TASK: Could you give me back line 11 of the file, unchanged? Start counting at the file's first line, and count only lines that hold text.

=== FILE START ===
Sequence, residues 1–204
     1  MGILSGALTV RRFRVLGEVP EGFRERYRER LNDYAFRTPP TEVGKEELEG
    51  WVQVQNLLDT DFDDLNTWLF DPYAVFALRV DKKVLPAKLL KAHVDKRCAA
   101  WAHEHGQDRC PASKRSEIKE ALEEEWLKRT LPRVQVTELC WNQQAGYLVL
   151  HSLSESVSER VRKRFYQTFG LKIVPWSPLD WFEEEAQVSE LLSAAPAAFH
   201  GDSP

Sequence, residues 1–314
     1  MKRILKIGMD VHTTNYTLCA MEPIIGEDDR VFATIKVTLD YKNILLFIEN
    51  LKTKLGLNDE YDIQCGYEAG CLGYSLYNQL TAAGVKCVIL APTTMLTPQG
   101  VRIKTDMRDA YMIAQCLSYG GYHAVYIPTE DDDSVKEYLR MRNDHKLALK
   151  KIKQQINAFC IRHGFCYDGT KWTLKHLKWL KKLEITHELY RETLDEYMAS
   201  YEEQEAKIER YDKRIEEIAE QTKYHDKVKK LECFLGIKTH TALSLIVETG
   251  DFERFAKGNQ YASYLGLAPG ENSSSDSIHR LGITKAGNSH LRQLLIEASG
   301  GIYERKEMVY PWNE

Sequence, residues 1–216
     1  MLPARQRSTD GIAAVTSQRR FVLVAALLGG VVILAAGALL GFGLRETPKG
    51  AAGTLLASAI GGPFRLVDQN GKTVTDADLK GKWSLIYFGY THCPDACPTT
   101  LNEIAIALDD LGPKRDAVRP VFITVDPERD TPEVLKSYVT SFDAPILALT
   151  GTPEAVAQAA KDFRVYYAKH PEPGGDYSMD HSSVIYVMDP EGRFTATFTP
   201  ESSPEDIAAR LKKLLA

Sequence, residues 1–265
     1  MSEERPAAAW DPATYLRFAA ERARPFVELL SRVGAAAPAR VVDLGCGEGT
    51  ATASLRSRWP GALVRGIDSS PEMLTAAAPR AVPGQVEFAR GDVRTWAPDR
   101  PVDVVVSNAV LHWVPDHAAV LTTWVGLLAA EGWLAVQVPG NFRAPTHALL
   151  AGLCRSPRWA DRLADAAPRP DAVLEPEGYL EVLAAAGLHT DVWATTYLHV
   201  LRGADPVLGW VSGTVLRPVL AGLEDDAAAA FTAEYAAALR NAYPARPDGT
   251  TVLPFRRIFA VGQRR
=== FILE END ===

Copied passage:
   151  KIKQQINAFC IRHGFCYDGT KWTLKHLKWL KKLEITHELY RETLDEYMAS